NLC Photo gallery: Summer 2008
sky cameras for NLCs
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Summer 2009
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  Observing tips: Look west 30 to 60 minutes after sunset when the Sun has dipped 6o to 16o below the horizon. If you see luminous blue-white tendrils spreading across the sky, you've probably spotted a noctilucent cloud. Although noctilucent clouds appear most often at arctic latitudes, they have been sighted in recent years as far south as Colorado, Utah and Virginia. NLCs are seasonal, appearing most often in late spring and summer. In the northern hemisphere, the best time to look would be between mid-May and the end of August. See also 2003, 2004, 2005, 2006, 2007, and 2008
  Photographer, Location Images Comments

Lars Zielke,
Nightsky Observatory, Tvis, Denmark
Jun. 9, 2009
#1, #2, #3

Just after midnight on June 9 there was some beautiful NLC to the north, seen from my location in Denmark. I took some wide field and close up photos of the NLC's from 00:30 to 01:00 local time. I've have made some small movies that shows how the clouds are changing: more.

Paul Evans,
Larne, Northern Ireland
Jun. 11, 2009
#1, #2, #3, #4, more

This display started to become apparent at midnight and lasted almost three hours until the oncoming dawn drowned it out. Display was interspersed with lower clouds and in terms of NLC forms was not very structured though various patterns could clearly be seen. Pictures taken with Minolta Dimage A2 camera with intervalometer function, Aperture priority auto, f3.5, ISO200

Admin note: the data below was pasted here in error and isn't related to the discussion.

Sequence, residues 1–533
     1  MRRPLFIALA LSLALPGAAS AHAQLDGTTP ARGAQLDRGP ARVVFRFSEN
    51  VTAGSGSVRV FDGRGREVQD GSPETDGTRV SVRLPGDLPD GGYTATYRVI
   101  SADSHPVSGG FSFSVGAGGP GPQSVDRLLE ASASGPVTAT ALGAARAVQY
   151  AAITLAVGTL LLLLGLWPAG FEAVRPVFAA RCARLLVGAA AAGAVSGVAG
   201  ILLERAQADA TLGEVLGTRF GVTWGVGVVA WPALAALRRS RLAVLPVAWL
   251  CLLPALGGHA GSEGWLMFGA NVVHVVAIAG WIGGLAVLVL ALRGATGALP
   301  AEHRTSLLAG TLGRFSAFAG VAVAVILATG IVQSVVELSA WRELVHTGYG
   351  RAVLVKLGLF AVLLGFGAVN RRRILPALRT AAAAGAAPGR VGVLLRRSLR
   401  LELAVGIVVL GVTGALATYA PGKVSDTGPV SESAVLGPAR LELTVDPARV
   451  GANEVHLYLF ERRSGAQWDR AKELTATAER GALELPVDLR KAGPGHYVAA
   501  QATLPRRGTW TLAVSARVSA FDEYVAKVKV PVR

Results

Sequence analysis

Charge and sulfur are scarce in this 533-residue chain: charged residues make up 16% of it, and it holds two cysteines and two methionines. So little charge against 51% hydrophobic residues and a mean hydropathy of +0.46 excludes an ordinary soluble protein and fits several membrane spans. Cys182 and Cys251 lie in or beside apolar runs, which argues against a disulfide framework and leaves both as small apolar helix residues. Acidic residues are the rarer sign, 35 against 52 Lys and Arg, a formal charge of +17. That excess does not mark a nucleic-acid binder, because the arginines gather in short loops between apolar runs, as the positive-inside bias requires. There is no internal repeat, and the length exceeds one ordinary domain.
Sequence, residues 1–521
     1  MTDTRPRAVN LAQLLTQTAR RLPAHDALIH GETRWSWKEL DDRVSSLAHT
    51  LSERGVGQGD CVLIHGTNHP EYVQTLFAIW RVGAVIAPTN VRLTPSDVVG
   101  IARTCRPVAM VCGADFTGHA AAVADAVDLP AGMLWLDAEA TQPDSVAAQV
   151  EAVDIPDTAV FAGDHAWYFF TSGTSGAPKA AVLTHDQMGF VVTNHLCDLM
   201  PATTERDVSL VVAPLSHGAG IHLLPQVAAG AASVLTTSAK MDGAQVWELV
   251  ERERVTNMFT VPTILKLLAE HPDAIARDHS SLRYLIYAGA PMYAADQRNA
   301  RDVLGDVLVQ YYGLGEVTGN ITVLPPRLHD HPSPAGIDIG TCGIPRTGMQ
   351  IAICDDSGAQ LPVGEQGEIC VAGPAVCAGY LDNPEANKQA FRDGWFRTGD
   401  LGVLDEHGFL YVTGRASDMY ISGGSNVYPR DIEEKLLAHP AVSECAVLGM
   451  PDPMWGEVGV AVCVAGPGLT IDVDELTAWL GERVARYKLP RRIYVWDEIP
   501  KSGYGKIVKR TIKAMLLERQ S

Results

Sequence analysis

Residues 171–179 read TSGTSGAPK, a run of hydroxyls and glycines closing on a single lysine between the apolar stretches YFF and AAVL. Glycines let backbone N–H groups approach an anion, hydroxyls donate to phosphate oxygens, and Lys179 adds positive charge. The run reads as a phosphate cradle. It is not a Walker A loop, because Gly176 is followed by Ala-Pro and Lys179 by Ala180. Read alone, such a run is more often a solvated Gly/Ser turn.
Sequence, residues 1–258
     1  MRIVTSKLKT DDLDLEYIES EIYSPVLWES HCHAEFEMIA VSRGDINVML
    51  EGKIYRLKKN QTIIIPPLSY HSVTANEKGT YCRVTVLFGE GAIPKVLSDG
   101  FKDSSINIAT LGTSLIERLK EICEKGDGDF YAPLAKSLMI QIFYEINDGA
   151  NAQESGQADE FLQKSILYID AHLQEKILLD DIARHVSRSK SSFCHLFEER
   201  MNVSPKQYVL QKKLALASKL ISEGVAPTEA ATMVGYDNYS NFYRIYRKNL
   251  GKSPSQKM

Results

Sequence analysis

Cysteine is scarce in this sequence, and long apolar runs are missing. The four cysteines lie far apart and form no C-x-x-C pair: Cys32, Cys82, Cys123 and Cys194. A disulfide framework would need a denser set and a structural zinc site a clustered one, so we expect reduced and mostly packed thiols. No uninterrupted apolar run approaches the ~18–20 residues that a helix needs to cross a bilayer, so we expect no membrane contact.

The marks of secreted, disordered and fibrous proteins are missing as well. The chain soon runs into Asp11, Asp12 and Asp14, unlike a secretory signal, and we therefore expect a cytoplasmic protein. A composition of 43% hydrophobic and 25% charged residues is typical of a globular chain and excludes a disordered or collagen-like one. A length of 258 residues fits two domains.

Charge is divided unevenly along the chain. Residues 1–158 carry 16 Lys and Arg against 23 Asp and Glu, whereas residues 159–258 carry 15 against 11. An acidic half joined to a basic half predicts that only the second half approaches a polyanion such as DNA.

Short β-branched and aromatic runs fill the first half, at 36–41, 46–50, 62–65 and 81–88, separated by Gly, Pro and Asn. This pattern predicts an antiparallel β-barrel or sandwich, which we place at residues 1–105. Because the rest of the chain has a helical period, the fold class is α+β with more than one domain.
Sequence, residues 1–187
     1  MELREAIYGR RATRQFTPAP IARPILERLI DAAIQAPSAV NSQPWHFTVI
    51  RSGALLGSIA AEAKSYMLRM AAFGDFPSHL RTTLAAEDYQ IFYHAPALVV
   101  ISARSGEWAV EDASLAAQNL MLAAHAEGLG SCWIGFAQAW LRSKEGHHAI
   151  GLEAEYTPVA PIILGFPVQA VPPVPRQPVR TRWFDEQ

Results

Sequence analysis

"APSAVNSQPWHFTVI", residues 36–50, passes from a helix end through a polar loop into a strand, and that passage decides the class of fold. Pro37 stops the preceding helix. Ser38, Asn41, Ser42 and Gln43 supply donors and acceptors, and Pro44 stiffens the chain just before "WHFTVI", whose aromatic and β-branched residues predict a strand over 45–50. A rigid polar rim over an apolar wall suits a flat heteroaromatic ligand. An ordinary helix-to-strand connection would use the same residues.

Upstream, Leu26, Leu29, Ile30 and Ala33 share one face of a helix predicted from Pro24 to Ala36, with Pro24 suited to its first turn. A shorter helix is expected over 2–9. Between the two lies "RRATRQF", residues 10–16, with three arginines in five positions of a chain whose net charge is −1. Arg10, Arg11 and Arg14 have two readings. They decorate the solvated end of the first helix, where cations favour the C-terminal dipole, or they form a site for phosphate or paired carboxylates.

John C McConnell,
Maghaberry Northern Ireland.
Jun. 11, 2009
#1, #2, #3, #4

Hi Tony,after a drought of a few nights the NLC's returned last night June 10/11.Included were again some forms I have never seen before.Below Capella was a row of 'holes' and to the east thereof some circular patches of 'ripples'. You can certainly see where the term "electric blue" came from.These images are all untouched except for resizing and are in the order of 8-10 seconds on ISO800.

Photo details: Canon 400D 18-55mm lens.

Martin Mc Kenna,
Maghera, Co. Derry, N. Ireland
Jun. 11, 2009
#1, #2, #3, #4, more

After a long break with no further NLC displays, the Mesosphere finally produced another after midnight last night. This one was 80 degrees long with the classic, but always welcomed, electric blue colours which then turned silvery-white later in the night. The highlight of the display was the large cluster of herringbone structure which really did look like 'sand ripples on a beach at low tide' before dawn below the flickering beacon of Capella. Nice display.

Photo details: Fujifilm S6500fd 6.3MP various settings


Northern Lights Photo Gallery: A solar wind stream hit Earth on May 20th causing a mild geomagnetic storm and Northern Lights around the Arctic Circle. The auroras of May 21st were so bright, they were visible in the twilight blue sky above Nunavik, Quebec.

"The sky is blue at 1 o'clock in the morning when I took these pictures," says photographer Sylvain Serre. "At our latitude at this time of year, it is blue all night long--and it's never a dark blue. So, at 1 o'clock in the morning, the sky is bright and I can see only a few stars."

In spite of this extra glare, Serre was able to see the auroras. "I saw them with my unaided eyes. The clouds made it difficult, but the clouds were moving slowly while the northern lights were moving faster." This, plus the green color of the auroras, made it possible to sort things out.